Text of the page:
Los Angeles Times, April 5, 1984, p. 1; September 28, 1995, p. E1.

Los Angeles Times Book Review, January 30, 1983; October 16, 1983; December 8, 1985.

Maclean's, February 7, 1983.

National Review, May 13, 1983, p. 580.

NEA Today, December, 1993, Diane Dismuke, "William Least Heat-Moon: Traveling Blue Highways," p. 9.

New Leader, March 21, 1983, pp. 16-17.

Newsday, October 31, 1999, p. B9.

Newsweek, February 7, 1983, p. 63; November 15, 1999, p. 79.

New Yorker, May 2, 1983, pp. 121-126.

New York Times, January 13, 1983.

New York Times Book Review, February 6, 1983, pp. 1, 22; October 27, 1991, pp. 1, 25-26; December 5, 1999, review of River-Horse, p. 26.

Observer (London, England), July 3, 1983.

People, February 28, 1983; April 18, 1983, pp. 72-74; January 17, 2000, "Pages," review of River-Horse, p. 53.

Publishers Weekly, August 16, 1991, p. 40; August 23, 1990, p. 30; September 20, 1999, Samuel Baker, "William Least Heat-Moon: Navigating America,"p. 55; November 22, 1999, p. 16.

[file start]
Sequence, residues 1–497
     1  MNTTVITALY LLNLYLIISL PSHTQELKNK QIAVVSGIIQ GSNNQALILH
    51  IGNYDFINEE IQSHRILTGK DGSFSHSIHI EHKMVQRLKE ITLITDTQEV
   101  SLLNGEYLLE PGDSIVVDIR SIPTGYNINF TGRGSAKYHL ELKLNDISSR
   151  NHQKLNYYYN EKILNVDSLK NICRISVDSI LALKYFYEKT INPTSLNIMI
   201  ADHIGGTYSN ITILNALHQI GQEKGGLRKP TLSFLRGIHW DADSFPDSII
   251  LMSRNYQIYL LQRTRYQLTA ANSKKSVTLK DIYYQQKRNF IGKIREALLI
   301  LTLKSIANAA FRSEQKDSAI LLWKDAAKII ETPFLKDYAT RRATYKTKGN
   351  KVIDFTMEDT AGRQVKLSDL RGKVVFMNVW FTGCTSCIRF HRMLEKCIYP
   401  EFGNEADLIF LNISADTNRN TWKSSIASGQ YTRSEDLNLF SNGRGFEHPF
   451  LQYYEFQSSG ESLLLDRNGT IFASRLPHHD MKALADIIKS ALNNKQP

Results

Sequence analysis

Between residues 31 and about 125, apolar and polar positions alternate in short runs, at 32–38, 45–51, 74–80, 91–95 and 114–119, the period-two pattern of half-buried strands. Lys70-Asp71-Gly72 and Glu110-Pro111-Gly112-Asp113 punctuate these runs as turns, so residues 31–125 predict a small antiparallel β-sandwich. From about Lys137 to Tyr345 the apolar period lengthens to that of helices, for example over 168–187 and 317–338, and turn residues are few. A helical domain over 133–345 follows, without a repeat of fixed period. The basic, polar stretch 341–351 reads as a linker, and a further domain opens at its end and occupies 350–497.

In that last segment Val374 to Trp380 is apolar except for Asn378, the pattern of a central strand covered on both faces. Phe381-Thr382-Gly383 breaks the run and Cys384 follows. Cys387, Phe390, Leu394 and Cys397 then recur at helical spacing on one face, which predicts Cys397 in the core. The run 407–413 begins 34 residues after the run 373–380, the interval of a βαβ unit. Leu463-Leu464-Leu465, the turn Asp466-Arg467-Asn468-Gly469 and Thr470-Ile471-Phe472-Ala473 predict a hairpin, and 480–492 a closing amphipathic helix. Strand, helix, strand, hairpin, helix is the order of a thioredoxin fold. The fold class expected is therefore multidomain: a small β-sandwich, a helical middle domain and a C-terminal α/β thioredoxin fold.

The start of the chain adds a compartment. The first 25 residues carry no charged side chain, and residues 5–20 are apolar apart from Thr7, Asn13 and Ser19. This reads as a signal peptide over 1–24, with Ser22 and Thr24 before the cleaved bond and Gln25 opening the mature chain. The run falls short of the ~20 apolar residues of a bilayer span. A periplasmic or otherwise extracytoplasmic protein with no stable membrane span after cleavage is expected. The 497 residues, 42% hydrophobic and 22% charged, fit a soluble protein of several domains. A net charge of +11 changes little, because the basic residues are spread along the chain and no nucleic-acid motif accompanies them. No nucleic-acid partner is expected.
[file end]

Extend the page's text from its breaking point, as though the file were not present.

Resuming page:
Time, January 24, 1983, p. 84; November 15, 1999, p. 113.

Times (London, England), June 9, 1983.

Times Literary Supplement, August 26, 1983, p. 902; June 9, 2000, Martin Padget, review of River-Horse, p. 36.

U.S. News and World Report, November 11, 1991, pp. 58-59.

Village Voice, May 24, 1983.

Washington Post Book World, December 26, 1982, pp. 3, 7.

Whole Earth Review, winter, 1992, p. 106.


ONLINE

Powells.com, http://www.powells.com/ (November 16, 1999), Dave Weich, interview with Heat-Moon.

Salon.com, http://www.salon.com/ (December 16, 1999), Jonathan Miles, "Road Scholar."*